An interesting thing to note about red nodes is that they have reference identity. Same piece of syntax in a given tree is observably represented by the same unique red node object. Example: If one gets from a leftmost child of some node to the node via parent reference and then descends from the parent into its leftmost child he will get exactly the same node from which he started. This is a very important quality of the red nodes. Equality of nodes is a very cheap reference comparison.
The implementation is obvious - parents store references to children that are already created and just return already created ones if these children are need again. A side-effect of such implementation is that it makes the red tree a fully connected graph (can get from any node to any another). From the prospective of GC as long as any node in the tree is reachable, the whole red tree would be retained. Once nodes are created, they would live as long as the whole tree. That is a bit inconvenient. Imagine user scrolling through a code file – colorizer will materialize the nodes for the visible syntax, but after the view moves the nodes become invisible and no longer interesting for most kinds of analysis.

Note that all the information that we put in the red tree comes from the green nodes. Even node positions, are actually inferred from the green node widths and the tree topology. The process of red tree creation can be seen as a form of decompression. That allows to make some of the parent->child links weak (as in WeakReference<T>). A weakly referenced red subtrees can be reclaimed by GC if noone uses them and if needed “decompressed” again. Note that this does not violate the principle of reference identity. Newly constructed red nodes are indeed new objects, but since the old nodes representing same syntax are no longer reachable, no one would be able to notice the difference.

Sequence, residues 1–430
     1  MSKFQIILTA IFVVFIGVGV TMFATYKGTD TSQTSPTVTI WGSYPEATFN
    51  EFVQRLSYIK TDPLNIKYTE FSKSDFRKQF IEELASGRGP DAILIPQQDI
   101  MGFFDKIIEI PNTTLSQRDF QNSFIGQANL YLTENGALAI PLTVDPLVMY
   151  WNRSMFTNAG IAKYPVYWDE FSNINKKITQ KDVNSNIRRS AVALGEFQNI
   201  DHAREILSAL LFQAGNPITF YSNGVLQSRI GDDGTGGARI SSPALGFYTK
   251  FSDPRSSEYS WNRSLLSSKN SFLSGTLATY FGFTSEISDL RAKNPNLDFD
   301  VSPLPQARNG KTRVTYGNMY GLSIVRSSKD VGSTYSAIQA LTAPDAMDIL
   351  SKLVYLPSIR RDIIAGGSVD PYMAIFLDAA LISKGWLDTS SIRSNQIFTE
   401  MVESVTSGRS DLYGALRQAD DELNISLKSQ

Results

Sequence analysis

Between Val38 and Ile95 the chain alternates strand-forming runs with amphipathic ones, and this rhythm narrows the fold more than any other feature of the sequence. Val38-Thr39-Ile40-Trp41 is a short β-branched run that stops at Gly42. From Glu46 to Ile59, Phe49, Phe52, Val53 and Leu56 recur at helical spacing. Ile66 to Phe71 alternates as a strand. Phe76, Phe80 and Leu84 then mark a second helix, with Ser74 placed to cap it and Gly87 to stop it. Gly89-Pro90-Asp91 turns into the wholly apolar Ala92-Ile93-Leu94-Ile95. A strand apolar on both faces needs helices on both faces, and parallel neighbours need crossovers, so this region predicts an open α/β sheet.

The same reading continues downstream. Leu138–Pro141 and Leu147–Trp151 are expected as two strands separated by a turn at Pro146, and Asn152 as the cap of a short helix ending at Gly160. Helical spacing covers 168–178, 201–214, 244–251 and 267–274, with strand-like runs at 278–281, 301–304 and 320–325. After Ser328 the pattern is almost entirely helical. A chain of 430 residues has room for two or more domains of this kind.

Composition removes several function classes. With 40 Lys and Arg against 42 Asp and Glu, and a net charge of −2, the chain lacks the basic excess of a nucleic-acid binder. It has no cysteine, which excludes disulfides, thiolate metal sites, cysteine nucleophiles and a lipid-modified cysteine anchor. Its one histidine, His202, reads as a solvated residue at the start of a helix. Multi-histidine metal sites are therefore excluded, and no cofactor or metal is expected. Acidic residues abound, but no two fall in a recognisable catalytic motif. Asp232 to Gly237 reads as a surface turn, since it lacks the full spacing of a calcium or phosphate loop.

Obviously, we do not want to make all the children references in the tree weak. Weak references take space themselves, not as fast as regular references and require extra GC housekeeping. It has been observed that many kinds of analysis, including binding, are much more likely to require syntax within same method where analysis is performed while reaching for other method bodies is rare. Based on this, Roslyn red trees refer to method body syntax weakly. - If a particular method body is no longer used, GC can put its red nodes to a better use. Typically at any given time only some methods in a large file would have materialized red trees thus significantly reducing average heap size.
Marked as answer by VSadov on 6/25/2014 at 3:45 PM
May 13, 2015 at 2:23 PM
Edited Oct 30, 2015 at 4:27 PM
Hi together!

I wrote down all the knowledge I've collected regarding performance considerations in Roslyn. Maybe someone likes to review it? :) Would be great!

Inside the .NET Compiler Platform - Performance Considerations during Syntax Analysis (#SpeakRoslyn)

Thanks a lot!